Henry Mims told us he was running late Tuesday morning otherwise he would’ve been inside his car that was covered in debris.
Ten ambulances were sent to the building, located at Washington Boulevard and West End Avenue, around 9 a.m., fire officials said.
All the victims were assumed to be adults, according to fire department spokesman Larry Langford.
- Two men were taken to Loyola University Medical Center, one serious to critical and the other fair to serious, fire officials said.
- A man was taken in serious to critical condition to Mount Sinai Medical Center. A man and a woman were also taken there, both fair to serious.
- A woman was taken to West Suburban Medical Center in fair to serious condition.
- Two men were later transported to Stroger Hospital, one in fair to serious condition and the other in serious to critical condition.
Firefighters are still searching for additional people who may be trapped inside the structure.
The cause of the explosion is currently unknown, per CFD.
"No one knows what the heck caused it," Langford told the Sun-Times.
David Schwartz, a spokesman with Peoples Gas, said their crews are at the scene but that they don't believe gas was the cause of the explosion.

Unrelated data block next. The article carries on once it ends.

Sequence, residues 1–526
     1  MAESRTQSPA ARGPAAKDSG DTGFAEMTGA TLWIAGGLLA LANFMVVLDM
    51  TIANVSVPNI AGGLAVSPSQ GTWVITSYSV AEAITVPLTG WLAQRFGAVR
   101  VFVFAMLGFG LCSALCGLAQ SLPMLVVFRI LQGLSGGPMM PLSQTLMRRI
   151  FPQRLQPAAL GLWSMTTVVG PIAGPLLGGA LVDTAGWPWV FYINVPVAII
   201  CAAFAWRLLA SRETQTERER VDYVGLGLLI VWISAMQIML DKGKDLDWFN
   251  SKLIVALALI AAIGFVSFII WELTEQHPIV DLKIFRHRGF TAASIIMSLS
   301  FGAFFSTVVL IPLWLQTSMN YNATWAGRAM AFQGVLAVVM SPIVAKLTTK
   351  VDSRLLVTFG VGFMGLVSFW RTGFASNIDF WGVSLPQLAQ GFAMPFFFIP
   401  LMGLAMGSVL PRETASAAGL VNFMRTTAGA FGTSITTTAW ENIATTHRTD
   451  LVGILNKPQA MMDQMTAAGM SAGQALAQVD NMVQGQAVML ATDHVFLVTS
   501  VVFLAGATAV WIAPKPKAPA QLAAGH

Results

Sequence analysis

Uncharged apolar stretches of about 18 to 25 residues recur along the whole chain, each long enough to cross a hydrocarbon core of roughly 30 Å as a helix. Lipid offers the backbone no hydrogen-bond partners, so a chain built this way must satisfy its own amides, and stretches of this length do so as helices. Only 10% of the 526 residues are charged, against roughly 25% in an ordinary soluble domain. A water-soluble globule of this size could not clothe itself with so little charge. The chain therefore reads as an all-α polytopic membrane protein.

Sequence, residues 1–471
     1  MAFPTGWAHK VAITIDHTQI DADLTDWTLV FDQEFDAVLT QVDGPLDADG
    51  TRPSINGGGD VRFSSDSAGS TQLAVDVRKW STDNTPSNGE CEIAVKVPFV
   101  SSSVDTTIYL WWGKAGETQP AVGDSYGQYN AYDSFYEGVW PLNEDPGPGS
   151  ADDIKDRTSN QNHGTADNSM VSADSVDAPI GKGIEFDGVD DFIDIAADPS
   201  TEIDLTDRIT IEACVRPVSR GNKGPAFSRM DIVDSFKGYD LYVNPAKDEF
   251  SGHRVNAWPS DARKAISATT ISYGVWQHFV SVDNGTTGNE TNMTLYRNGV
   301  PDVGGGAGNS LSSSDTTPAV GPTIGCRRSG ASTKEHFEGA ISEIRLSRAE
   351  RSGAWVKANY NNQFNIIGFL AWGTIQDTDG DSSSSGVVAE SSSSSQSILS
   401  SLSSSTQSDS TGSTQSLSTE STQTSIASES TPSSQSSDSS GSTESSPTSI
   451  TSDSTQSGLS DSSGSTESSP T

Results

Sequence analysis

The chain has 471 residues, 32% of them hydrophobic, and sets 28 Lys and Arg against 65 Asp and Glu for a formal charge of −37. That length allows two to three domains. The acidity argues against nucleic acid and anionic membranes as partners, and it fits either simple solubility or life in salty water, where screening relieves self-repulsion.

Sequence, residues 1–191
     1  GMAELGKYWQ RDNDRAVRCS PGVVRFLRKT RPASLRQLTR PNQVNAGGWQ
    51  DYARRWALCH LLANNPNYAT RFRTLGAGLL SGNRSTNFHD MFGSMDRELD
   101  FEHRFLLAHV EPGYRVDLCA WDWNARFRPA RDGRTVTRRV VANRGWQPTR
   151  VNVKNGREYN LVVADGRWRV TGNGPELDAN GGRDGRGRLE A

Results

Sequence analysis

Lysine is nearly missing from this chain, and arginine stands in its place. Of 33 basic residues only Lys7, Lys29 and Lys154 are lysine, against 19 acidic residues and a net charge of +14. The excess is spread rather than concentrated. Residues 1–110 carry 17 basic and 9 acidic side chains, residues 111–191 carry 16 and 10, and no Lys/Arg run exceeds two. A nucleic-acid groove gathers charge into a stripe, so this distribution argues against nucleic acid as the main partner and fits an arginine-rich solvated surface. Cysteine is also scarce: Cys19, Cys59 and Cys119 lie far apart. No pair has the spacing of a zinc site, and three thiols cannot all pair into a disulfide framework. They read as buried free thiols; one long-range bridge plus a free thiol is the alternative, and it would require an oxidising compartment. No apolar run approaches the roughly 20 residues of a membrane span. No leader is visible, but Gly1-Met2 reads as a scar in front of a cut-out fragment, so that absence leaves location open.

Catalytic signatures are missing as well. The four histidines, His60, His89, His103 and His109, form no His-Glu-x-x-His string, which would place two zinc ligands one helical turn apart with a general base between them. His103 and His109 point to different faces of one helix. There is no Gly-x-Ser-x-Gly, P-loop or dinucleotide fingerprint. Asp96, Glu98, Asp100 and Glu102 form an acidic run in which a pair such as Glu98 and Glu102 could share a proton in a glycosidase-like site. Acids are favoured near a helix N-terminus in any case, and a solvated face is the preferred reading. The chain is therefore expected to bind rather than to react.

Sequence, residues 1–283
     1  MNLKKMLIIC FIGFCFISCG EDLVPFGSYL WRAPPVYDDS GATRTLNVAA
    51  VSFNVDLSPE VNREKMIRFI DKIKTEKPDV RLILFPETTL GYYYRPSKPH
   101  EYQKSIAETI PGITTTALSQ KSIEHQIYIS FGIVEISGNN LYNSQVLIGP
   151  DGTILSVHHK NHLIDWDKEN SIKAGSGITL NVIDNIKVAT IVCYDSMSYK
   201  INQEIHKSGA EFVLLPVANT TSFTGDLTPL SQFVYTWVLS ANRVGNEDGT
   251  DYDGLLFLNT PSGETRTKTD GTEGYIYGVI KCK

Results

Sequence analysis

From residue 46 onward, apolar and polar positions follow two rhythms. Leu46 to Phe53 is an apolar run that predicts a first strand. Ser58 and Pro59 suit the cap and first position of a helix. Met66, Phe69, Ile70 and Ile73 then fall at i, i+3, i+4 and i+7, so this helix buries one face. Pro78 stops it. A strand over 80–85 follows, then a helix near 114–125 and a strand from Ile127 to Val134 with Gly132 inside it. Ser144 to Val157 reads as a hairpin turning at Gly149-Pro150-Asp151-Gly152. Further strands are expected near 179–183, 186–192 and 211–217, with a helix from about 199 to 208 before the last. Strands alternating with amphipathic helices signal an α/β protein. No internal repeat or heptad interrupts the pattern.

"The cause of the incident is unknown, but there is no reason at this point to believe the cause is related to gas or any of our equipment. There is no smell of gas in the air or anything like that – our crews on the ground and CFD confirmed that," Schwartz said.
However, nearby resident Ashunda Harris said she could smell natural gas after the explosion.
The force of the explosion blew her door open and shook her building. Harris said the first thing she thought of was potential fatalities.
"God, let there be survivors," Harris said. "Let them be at work. Let the children be at school. [Let] no one be home. When I walked up it was nothing but clouds, what was going on with the foundation collapsing. So my mind just went to please let no one be home right now."
Images and video shared by the Chicago Fire Department showed debris on top of cars and part of the top floor of an apartment complex blown away.
"I've heard trains collide. I've heard trucks hit the viaduct, so I know sounds and I've been here 20-plus years, so I knew it was something horrific happening," Harris said.
Agents from the Bureau of Alcohol, Tobacco, Firearms and Explosives and the CPD bomb unit are assisting with the investigation at the scene.
Image provided by the Chicago Fire Department
The apartment building has failed 17 inspections since 2005, according to city records.
The Sun-Times Media Wire contributed to this report.